Voltage clamp studies of ionic currents in identified snail neurones.

2015-11-19T08:43:49Z (GMT) by Timothy David. Plant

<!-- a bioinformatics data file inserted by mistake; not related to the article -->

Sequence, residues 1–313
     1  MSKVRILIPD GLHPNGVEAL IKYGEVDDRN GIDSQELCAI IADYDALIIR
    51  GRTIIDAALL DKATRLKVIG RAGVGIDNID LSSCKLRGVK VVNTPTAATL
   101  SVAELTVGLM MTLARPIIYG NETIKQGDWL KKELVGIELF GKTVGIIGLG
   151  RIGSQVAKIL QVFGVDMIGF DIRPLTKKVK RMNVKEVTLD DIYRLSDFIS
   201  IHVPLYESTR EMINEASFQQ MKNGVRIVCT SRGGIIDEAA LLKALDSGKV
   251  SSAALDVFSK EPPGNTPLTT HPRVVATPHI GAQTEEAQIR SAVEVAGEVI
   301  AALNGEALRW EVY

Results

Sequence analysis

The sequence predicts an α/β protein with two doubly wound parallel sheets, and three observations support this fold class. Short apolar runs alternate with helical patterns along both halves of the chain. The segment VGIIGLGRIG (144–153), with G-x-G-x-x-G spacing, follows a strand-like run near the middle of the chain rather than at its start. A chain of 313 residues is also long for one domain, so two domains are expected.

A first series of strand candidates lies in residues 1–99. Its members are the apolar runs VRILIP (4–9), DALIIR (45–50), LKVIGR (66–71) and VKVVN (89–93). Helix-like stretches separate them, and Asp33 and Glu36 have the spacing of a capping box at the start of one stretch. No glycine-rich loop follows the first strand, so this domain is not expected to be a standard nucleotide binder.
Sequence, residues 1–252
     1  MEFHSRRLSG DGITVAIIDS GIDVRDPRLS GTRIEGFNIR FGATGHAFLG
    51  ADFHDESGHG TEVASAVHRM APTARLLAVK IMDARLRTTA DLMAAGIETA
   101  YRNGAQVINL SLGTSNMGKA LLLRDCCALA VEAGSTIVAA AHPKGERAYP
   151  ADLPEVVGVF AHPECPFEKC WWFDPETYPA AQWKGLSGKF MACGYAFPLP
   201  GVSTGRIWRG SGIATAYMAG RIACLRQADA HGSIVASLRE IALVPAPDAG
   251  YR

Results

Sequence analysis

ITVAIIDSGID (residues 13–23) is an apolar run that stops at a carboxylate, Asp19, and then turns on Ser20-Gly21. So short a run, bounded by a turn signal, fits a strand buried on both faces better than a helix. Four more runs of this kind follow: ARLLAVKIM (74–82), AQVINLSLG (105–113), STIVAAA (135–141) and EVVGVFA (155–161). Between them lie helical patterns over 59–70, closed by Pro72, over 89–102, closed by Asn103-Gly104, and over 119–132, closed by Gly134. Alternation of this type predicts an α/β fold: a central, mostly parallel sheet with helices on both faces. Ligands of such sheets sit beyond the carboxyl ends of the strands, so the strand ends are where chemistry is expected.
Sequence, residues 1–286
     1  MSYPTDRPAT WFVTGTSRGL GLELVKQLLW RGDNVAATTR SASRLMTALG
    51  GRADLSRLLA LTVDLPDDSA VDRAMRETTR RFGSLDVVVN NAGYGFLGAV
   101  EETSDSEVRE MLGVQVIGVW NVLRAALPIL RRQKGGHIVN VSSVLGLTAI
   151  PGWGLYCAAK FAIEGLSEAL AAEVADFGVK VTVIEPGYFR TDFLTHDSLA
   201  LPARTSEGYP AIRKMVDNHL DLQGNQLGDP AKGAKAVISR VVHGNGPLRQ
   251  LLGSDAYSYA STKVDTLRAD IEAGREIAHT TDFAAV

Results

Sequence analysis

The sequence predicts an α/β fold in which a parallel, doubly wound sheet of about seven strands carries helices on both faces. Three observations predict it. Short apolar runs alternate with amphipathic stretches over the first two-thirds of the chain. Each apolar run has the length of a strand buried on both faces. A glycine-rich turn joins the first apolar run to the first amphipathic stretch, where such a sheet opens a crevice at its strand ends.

This thesis describes work on two components of the ionic current in neurones of the snail Helix aspersa under voltage clamp conditions. Most of the work is a study of the inward calcium current (ICa), produced by depolarization, under conditions where the potassium (K) permeability was reduced by the K channel blockers tetraethylammonium (TEA) ions and 4-aminopyridine (4-AP). Under these conditions Ica activated then inactivated more slowly to a level which was still inward at the end of long depolarizations to potentials +20mV. Above this potential Ica was masked by a TEA and 4-AP resistant component of the outward current. The activation of the inward current, over a limited voltage range, was fitted in Hodgkin-Huxley terms with m2. Particular attention was paid to the mechanism of Ica decline, for which a number of possibilities were considered including; voltage- and calcium-dependent inactivation, depletion or accumulation of the permeant ion and outward current activation. Evidence from measurements of Ica decline, and 2 pulse experiments to measure the voltage-dep-endence of inactivation suggested that decline was dependent on Ca-entry and was unlikely to be caused by activation of a Ca-dependent K current. Injection of the Ca chelator EGTA caused an increase in the inward current and also slowed decline. Ca/EGTA buffers could either increase or decrease the peak inward current depending on the free [Ca] in the buffer, supporting evidence of the existence of a Ca binding site sensitive to [Ca]1. Experiments on the early outward current (IA) suggested that this current is not Ca-activated, in this tissue, and that 4-AP blocks the current in a time-dependent manner, from the inside of the cell, on depolarization.

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